Sorry, you need to enable JavaScript to visit this website.

Fuel from Algae

Algaeventure Systems (AVS)
Scaling and Commercialization of Algae Harvesting Technologies
Graphic of AlgaeVenture's technology
ARPA-E Award: 
Marysville, OH
Project Term: 
01/15/2010 to 01/31/2012
Project Status: 
Technical Categories: 
Critical Need: 
The U.S. relies almost exclusively on petroleum-based fuels to power its cars, trucks, and planes. Fossil fuels like petroleum produce harmful emissions, and they're subject to price instabilities that impact consumers. Domestically produced biofuels are a promising alternative. However, the methods used to convert algae into fuel are currently too costly and inefficient to make algae-based biofuels a commercially viable alternative to fossil fuels.
Project Innovation + Advantages: 
Led by CEO Ross Youngs, Algaeventure Systems (AVS) has patented a cost-effective dewatering technology that separates micro-solids (algae) from water. Separating micro-solids from water traditionally requires a centrifuge, which uses significant energy to spin the water mass and force materials of different densities to separate from one another. In a comparative analysis, dewatering 1 ton of algae in a centrifuge costs around $3,400. AVS's Solid-Liquid Separation (SLS) system is less energy-intensive and less expensive, costing $1.92 to process 1 ton of algae. The SLS technology uses capillary dewatering with filter media to gently facilitate water separation, leaving behind dewatered algae which can then be used as a source for biofuels and bio-products. The biomimicry of the SLS technology emulates the way plants absorb and spread water to their capillaries.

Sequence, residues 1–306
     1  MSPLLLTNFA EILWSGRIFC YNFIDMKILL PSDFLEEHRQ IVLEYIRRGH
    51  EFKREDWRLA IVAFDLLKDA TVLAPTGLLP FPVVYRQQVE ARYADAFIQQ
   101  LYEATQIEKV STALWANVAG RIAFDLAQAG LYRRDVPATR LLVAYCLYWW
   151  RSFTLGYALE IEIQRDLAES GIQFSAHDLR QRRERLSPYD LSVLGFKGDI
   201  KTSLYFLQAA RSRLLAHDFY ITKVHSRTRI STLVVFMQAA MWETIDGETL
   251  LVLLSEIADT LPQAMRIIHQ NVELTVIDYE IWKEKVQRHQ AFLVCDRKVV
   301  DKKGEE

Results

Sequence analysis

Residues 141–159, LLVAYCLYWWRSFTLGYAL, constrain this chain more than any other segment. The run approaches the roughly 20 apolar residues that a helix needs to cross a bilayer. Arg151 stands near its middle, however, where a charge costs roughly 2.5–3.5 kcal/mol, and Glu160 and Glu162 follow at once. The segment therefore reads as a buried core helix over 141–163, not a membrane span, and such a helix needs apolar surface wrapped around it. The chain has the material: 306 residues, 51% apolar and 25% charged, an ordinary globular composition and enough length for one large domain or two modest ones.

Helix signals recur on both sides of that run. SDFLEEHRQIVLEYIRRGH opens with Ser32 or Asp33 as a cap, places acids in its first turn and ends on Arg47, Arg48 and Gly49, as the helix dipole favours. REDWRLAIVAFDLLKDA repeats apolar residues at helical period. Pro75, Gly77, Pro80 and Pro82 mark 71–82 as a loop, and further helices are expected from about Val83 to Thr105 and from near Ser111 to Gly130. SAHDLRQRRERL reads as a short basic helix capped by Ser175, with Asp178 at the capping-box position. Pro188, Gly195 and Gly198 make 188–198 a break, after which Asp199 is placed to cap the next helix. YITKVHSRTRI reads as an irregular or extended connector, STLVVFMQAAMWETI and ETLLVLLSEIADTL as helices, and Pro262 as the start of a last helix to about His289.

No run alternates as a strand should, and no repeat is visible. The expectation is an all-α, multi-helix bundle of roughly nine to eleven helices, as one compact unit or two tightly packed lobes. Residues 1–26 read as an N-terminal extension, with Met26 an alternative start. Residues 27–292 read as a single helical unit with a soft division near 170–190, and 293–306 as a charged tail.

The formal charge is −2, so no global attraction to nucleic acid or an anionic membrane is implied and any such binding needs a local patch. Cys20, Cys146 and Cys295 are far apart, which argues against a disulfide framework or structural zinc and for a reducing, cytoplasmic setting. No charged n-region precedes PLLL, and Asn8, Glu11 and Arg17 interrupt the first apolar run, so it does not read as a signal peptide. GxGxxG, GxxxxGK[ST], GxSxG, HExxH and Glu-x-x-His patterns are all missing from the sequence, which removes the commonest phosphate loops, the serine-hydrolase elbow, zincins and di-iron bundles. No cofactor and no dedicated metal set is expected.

Potential Impact: 
If successful, AVS would significantly decrease the production cost of biofuels made from algae.
Increasing production of domestic biofuels could help the U.S. cut foreign oil imports by 33% in 15 years.
Widespread use of biofuels, biopower, and other bio-based products has the potential to conserve 1.26 billion barrels of oil, 58 million tons of coal, and 682 million tons of carbon dioxide from 2020-2030.
Widespread use of biofuels would help reduce and stabilize gas prices for consumers.
ARPA-E Program Director: 
Dr. Jonathan Burbaum
Project Contact: 
Mr. Ross Youngs
Ohio University
Case Western Reserve University
Release Date: